Thousands of people have flocked to the small church since the first note on September 5, 2001, and I'd love to go for an afternoon. But since I can't go anytime soon (and if I did, Sam would get restless and probably go change the notes on the organ), I'll content myself with giving you this update that last week, on February 5, the seventh change occurred. If you'd like to see it happen, here's a short video from the BBC which covered the event with typical wit.

Thursday, February 12, 2009

Cycle of Sickness

When we started sending Sam to school, I jokingly cursed his school as an incubator for sickness. He came home with all sorts of colds, so much so that I looked forward to vacation so he wouldn't be sick for a while.

Now, with two children at home, our house has become an incubator of sick much more powerful than school because Sam insists on eskimo kisses for everyone in his life.

Noah developed a small cold last week, but by Saturday was over it enough that we went to our church potluck at a friend's house. We thought everything was getting better until Tuesday, when a great cloud of sick came to rest on our house. We discovered that Noah had been exposed to RSV at the potluck and when he started wheezing a bit, Joy decided to take him to the doctor. We heard Sam screaming in his sleep at night with a high fever, so Joy decided to take him to the doctor.

The prognosis delivered this morning? Not only does Noah have RSV, he also has an ear infection. Sam's high fever? Could be any number of things: his strep, the one ear that is so impacted with wax the doctor couldn't see the ear drum, or the other ear that has an ear infection in which the ear drum has ruptured. That's right, one ear is stopped up, the other is draining.

All this means that our house is under quarantine for the next week. We'll be airlifting in our food and taking daily baths in Lysol. Care packages are welcome.

Heroes in Arkansas

I like me some Heroes. Sure you could knit a sweater with the dangling plot threads by this point, and it is disappointing that female characters die much more regularly than male ones, but where else can you get a weekly dose of over-the-top comic book action? Still, when Monday night's episode "Blood and Trust" revealed that the heroes had crash landed in Arkansas, the lack of research into the setting was so obvious that Joy leaned over to me at one point and remarked, "It's like they threw a dart at the map and said 'give us a random out of the way location for this action to take place.'"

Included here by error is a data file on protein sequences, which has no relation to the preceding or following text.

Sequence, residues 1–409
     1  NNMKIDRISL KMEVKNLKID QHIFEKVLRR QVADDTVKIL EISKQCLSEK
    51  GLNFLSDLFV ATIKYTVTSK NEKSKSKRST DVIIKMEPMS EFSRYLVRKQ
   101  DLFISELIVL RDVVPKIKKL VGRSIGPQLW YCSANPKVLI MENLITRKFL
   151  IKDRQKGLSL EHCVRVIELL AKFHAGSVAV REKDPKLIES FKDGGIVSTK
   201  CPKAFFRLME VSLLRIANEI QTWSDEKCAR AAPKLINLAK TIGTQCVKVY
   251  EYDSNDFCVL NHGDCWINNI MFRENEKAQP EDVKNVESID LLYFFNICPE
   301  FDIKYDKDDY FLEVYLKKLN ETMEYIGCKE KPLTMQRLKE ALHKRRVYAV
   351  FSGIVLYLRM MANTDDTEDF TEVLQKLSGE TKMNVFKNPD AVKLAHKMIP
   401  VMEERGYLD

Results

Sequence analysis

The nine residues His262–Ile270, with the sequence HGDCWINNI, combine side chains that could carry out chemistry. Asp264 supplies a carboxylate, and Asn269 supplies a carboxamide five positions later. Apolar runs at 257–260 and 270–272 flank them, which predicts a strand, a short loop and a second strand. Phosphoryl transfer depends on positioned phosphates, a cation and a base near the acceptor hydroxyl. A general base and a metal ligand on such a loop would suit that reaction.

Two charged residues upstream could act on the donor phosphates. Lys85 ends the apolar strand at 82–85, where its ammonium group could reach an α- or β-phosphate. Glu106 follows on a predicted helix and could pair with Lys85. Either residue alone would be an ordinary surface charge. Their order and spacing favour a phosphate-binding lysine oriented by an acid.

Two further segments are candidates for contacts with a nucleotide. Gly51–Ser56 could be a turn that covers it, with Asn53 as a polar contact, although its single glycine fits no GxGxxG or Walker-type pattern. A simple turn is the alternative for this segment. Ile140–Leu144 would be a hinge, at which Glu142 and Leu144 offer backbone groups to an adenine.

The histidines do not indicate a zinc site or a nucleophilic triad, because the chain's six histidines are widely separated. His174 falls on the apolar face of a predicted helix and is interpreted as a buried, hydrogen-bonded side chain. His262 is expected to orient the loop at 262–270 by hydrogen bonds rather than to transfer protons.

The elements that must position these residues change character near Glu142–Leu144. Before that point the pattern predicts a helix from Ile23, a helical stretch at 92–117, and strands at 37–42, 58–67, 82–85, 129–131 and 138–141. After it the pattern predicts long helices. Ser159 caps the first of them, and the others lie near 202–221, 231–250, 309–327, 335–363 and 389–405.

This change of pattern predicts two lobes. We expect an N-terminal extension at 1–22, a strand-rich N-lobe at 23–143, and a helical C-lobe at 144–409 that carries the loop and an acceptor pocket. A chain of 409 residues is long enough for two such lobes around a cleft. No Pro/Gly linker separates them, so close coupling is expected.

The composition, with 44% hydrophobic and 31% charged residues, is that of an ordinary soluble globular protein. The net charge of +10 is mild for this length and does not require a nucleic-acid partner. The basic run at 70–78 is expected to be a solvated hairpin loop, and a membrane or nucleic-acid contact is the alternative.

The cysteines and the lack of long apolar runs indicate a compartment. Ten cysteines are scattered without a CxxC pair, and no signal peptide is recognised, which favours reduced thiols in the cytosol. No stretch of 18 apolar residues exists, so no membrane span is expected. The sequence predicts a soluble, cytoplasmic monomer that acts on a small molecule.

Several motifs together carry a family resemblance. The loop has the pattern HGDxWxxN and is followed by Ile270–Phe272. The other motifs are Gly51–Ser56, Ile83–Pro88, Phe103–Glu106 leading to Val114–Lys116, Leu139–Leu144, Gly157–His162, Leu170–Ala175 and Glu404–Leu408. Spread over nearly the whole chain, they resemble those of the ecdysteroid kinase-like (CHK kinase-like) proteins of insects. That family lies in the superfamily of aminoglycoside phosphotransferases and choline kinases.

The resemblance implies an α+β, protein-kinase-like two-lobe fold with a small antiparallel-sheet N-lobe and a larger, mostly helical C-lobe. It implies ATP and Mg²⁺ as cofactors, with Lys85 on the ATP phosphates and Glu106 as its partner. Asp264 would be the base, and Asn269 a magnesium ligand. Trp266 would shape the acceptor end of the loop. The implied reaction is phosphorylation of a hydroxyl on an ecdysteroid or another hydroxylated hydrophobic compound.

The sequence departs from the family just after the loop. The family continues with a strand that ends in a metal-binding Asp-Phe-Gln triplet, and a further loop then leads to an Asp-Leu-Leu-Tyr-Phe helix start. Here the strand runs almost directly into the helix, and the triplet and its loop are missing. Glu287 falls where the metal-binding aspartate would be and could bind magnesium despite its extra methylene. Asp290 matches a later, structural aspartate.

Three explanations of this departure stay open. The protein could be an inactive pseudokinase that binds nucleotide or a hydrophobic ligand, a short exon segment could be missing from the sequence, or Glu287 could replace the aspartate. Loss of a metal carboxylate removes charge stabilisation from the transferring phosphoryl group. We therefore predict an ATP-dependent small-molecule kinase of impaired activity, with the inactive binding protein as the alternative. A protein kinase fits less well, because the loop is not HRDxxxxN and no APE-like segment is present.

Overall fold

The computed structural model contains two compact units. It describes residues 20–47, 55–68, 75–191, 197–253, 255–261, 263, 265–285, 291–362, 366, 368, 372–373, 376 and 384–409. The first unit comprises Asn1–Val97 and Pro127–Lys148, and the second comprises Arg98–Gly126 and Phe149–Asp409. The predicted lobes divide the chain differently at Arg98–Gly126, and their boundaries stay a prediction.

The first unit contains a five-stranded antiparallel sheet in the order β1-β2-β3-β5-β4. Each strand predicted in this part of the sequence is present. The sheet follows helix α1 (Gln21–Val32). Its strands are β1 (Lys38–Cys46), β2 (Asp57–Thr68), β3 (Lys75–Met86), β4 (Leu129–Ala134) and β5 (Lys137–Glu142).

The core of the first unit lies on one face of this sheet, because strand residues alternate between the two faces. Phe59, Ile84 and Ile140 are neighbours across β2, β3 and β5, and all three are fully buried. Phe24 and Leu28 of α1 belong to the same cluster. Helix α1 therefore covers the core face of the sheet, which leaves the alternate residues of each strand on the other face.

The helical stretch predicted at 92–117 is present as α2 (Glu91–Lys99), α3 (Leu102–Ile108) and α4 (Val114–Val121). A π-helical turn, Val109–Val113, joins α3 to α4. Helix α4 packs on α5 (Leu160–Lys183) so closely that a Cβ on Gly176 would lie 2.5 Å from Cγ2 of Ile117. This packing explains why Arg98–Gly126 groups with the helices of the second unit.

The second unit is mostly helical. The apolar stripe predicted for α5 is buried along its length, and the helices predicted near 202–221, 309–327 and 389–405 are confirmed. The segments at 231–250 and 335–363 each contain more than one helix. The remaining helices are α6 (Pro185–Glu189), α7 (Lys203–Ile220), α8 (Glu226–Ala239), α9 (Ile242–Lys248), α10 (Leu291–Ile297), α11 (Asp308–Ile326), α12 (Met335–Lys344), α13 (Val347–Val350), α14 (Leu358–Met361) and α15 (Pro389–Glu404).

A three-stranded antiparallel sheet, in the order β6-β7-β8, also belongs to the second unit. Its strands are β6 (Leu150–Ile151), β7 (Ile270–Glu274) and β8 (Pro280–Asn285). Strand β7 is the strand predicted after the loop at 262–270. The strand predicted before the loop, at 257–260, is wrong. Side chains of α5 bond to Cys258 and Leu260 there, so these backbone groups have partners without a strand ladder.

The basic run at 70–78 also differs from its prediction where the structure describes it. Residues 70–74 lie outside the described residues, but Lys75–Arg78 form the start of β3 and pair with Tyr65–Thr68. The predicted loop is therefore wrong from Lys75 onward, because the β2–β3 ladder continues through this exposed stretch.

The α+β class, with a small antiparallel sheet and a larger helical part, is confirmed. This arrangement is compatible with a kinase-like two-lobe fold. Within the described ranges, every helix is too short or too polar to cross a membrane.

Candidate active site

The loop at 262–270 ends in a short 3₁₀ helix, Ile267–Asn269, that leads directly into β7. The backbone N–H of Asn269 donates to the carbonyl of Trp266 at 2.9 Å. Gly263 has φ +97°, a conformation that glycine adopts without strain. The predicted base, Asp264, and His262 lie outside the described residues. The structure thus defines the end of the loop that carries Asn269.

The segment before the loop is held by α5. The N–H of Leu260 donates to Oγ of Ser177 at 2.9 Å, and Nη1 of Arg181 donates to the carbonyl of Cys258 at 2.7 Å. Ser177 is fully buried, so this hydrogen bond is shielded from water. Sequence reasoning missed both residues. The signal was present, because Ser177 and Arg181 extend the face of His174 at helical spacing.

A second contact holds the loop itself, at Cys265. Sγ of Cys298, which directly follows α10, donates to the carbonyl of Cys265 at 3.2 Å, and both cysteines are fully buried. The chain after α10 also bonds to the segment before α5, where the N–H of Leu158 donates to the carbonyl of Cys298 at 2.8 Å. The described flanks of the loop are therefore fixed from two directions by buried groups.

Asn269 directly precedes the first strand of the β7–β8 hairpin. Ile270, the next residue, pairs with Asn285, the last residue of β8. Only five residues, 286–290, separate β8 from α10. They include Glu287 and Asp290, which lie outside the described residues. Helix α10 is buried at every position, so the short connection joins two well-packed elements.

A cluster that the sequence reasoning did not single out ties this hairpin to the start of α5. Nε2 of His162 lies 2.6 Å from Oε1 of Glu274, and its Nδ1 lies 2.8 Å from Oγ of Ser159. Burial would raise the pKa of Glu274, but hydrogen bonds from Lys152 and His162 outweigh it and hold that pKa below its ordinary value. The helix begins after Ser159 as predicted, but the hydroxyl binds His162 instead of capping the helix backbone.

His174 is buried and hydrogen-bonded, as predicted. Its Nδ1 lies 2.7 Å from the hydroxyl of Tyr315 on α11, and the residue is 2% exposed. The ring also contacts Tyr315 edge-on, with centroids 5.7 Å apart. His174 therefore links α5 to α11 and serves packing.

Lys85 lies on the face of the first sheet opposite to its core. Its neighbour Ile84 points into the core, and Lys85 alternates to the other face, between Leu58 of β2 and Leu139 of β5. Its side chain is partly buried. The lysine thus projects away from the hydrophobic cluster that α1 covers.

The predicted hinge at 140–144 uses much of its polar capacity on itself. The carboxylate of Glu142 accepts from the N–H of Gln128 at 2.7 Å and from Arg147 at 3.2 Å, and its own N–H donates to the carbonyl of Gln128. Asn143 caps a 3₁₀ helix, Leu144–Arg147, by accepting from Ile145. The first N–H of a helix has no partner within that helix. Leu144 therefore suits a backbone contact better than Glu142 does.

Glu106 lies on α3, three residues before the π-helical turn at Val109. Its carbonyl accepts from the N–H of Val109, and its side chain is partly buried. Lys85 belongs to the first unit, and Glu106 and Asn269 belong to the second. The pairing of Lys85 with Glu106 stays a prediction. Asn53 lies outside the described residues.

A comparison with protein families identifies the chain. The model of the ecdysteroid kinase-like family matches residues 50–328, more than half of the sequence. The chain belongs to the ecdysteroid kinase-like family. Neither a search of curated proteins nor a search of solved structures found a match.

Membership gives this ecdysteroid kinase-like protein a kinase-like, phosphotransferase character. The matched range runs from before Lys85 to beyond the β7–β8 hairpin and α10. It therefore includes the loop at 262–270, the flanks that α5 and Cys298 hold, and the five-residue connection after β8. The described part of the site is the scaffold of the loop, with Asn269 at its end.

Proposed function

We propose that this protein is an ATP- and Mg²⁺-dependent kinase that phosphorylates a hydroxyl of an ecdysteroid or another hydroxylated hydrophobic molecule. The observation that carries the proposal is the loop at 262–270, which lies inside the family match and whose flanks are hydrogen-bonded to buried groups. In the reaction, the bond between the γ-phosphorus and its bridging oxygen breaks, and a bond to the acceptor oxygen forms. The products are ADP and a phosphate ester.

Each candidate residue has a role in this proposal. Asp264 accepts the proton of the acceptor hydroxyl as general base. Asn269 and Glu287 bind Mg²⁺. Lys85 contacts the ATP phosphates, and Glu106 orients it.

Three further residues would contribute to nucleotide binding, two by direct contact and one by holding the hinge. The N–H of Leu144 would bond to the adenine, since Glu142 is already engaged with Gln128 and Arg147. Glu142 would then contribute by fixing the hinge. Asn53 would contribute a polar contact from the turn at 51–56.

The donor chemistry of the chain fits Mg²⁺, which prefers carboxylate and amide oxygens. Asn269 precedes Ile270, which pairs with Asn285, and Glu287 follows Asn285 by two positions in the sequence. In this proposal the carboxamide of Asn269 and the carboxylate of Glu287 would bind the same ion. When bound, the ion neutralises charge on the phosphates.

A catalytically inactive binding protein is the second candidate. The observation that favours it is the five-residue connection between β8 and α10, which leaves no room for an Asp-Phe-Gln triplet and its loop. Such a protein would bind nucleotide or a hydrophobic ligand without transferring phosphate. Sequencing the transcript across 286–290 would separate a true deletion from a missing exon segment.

What prompted Joy's snarky response? For starters, the plane crashes in a valley between two hills in the middle of stunted, sparse tree growth that is obviously California. Supposedly they are outside Russellville, Arkansas, but they didn't bother to do any dressing for the area to make it look like the Ozark outskirts. Instead, they relied on three things to let us know that we were in Arkansas:

1. When Hiro decides to ditch his orange, government-issue jumpsuit, he borrows clothes from a trailer home that has the day's wash hanging outside. And what shirt does he pass over when picking clothes? This one:2. When the heroes are planning their next move, they gather behind a one-room, white clapboard Baptist church.

3. Ando can't get a direct plane to Russellville because no one knows where it is, causing him to blurt out in frustration, "don't you know Clinton?"

There you go: redneck trailer homes, small Baptist churches, and Bill Clinton. All you need to tell us we're in Arkansas. But what most made me laugh is that the producers didn't bother to learn that right outside Russellville is a nuclear power plant. So when the plane crashes and then an airstrike is ordered to cover-up the evidence, they are bringing in heavy firepower next door to a nuclear reactor.

But perhaps I'm being too hard on them. Maybe they're wanting to go in a new mutant powers direction. What's one more thing in an already-overcrowded plot?

Wednesday, February 11, 2009

Classical Listening Journals

In case you're interested in seeing what my students are up to these days, the first round of listening journals for my writing intensive music history class are up now. This semester the students are posting a journal and then responding to someone else's post after reading and listening to the same piece. There are some remarkable debates, so head on over and check them out.

Sunday, February 8, 2009

Bargaining Out of Bed